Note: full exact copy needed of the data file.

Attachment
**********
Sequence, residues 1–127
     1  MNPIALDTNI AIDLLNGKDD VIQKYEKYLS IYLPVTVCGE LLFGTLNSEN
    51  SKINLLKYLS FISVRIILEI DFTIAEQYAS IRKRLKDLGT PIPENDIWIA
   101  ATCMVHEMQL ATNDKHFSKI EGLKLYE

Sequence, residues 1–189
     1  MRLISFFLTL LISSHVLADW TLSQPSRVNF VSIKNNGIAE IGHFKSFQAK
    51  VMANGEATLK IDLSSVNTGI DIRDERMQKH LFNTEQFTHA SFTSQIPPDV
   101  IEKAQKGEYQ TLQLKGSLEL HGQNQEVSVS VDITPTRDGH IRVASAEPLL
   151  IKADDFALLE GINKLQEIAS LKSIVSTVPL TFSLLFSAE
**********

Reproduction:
Sequence, residues 1–127
     1  MNPIALDTNI AIDLLNGKDD VIQKYEKYLS IYLPVTVCGE LLFGTLNSEN
    51  SKINLLKYLS FISVRIILEI DFTIAEQYAS IRKRLKDLGT PIPENDIWIA
   101  ATCMVHEMQL ATNDKHFSKI EGLKLYE

Sequence, residues 1–189
     1  MRLISFFLTL LISSHVLADW TLSQPSRVNF VSIKNNGIAE IGHFKSFQAK
    51  VMANGEATLK IDLSSVNTGI DIRDERMQKH LFNTEQFTHA SFTSQIPPDV
   101  IEKAQKGEYQ TLQLKGSLEL HGQNQEVSVS VDITPTRDGH IRVASAEPLL
   151  IKADDFALLE GINKLQEIAS LKSIVSTVPL TFSLLFSAE